Ok, it seemed crystal clear to me. Turns out I was wrong. According to the Free Software Foundation's Dave Turner (the man behind licensing <at> fsf.org), "This sort of linking falls under section 6 of the LGPL."

Here's a quote from section 6:
Quote
6. As an exception to the Sections above, you may also combine or link a "work that uses the Library" with the Library to produce a work containing portions of the Library, and distribute that work under terms of your choice, provided that the terms permit modification of the work for the customer's own use and reverse engineering for debugging such modifications.

You must give prominent notice with each copy of the work that the Library is used in it and that the Library and its use are covered by this License. You must supply a copy of this License. If the work during execution displays copyright notices, you must include the copyright notice for the Library among them, as well as a reference directing the user to the copy of this License. Also, you must do one of these things:


a) Accompany the work with the complete corresponding machine-readable source code for the Library including whatever changes were used in the work (which must be distributed under Sections 1 and 2 above); and, if the work is an executable linked with the Library, with the complete machine-readable "work that uses the Library", as object code and/or source code, so that the user can modify the Library and then relink to produce a modified executable containing the modified Library. (It is understood that the user who changes the contents of definitions files in the Library will not necessarily be able to recompile the application to use the modified definitions.)
b) Use a suitable shared library mechanism for linking with the Library. A suitable mechanism is one that (1) uses at run time a copy of the library already present on the user's computer system, rather than copying library functions into the executable, and (2) will operate properly with a modified version of the library, if the user installs one, as long as the modified version is interface-compatible with the version that the work was made with.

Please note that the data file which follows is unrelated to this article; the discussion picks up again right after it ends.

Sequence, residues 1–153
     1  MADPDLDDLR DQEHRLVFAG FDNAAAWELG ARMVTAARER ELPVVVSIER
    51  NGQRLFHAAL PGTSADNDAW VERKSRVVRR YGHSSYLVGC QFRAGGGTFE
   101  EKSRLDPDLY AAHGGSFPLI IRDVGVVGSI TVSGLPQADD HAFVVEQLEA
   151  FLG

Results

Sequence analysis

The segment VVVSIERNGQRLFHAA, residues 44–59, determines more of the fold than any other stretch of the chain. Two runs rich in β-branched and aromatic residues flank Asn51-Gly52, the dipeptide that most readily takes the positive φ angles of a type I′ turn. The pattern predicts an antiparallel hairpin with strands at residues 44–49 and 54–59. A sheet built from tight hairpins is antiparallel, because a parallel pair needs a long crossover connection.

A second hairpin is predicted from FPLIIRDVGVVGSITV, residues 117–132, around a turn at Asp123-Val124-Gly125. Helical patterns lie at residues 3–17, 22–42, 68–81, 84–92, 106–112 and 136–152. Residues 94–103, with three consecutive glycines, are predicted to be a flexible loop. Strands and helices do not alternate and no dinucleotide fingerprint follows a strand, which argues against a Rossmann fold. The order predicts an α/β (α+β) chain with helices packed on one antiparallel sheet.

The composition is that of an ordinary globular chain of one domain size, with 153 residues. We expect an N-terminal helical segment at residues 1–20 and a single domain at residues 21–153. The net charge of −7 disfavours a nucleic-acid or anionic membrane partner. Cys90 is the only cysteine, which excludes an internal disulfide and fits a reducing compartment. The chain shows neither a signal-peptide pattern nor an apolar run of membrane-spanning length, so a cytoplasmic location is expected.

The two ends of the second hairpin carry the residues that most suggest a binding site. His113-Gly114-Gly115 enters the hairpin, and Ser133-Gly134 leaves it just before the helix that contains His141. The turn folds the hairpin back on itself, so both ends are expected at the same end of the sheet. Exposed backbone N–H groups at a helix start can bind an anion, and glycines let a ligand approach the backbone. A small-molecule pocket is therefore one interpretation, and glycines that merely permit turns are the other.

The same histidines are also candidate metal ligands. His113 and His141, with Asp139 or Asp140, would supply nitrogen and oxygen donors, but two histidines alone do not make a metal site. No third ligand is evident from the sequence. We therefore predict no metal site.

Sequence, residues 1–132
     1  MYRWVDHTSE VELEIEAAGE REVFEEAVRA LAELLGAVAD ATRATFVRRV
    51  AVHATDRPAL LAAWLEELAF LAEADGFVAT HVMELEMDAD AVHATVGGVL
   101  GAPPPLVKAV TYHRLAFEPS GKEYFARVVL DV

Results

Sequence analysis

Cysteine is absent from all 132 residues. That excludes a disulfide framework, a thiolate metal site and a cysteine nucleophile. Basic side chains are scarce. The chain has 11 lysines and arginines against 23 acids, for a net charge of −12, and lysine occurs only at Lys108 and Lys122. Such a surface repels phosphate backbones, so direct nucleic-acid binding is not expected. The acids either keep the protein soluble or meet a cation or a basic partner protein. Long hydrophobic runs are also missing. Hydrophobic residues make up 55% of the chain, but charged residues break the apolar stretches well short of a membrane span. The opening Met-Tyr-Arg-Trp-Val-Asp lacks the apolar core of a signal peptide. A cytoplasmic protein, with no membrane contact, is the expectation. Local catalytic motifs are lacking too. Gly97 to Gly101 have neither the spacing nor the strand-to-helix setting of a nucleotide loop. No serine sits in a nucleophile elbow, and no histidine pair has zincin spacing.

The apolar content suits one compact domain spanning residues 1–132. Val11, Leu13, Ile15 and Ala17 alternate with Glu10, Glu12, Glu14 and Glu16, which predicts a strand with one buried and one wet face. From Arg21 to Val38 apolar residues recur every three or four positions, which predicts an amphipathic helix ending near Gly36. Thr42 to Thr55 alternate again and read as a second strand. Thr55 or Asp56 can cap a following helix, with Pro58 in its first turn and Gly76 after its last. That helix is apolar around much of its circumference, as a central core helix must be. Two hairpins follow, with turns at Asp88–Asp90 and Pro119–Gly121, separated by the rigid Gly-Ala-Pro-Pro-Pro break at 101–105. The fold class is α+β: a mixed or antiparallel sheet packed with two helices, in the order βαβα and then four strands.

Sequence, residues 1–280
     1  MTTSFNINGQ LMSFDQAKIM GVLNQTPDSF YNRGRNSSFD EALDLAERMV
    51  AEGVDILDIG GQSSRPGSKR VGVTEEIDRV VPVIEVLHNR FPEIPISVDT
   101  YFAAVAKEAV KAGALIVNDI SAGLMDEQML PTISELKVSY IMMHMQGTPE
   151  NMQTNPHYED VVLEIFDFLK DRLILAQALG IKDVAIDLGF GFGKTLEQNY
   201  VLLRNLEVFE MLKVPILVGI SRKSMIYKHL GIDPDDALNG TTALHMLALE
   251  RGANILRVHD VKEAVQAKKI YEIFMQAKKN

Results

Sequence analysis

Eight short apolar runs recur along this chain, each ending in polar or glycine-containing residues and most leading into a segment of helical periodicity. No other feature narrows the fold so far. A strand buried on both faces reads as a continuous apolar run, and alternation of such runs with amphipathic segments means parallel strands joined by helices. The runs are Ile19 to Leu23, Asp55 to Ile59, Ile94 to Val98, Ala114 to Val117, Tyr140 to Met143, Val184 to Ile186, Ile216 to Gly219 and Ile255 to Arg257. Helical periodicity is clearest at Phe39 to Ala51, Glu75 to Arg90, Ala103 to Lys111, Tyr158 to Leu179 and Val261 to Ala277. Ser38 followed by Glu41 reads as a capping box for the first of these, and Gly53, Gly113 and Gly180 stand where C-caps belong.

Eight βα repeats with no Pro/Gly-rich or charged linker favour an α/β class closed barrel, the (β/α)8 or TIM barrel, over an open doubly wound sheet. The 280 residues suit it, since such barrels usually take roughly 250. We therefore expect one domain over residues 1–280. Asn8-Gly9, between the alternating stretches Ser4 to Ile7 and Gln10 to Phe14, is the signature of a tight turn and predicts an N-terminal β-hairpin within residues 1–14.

c) Accompany the work with a written offer, valid for at least three years, to give the same user the materials specified in Subsection 6a, above, for a charge no more than the cost of performing this distribution.
d) If distribution of the work is made by offering access to copy from a designated place, offer equivalent access to copy the above specified materials from the same place.
e) Verify that the user has already received a copy of these materials or that you have already sent this user a copy.


Here's some linkage to discussions on this issue:
http://linuxintegrators.com/hl30/blog/technology/?permalink=LGPL+in+Java.html
http://article.gmane.org/gmane.comp.jakarta.poi.devel/5900

And here's a link to the LGPL itself:
http://www.gnu.org/copyleft/lesser.html
Offline swpalmer

JGO Coder


Exp: 12 years


Where's the Kaboom?


« Reply #37 - Posted 2003-07-16 15:02:53 »

I think the main conclusion is that the license is a complete mess, and with the right/wrong weasels (er.. lawyers) and people making trouble it can lead to problems.

Note also that as far as I am aware the LGPL (as most other 'open source' licenses) has not yet had the opportunity to prove itself in a court of law... it's never been "tested"

I would feel safer using something that is a bit easier to understand.

Offline Breakfast

Senior Duke




for great justice!


« Reply #38 - Posted 2003-07-19 15:55:58 »

The Apache one is pretty easy to follow. It could perhaps be adapted fairly easily.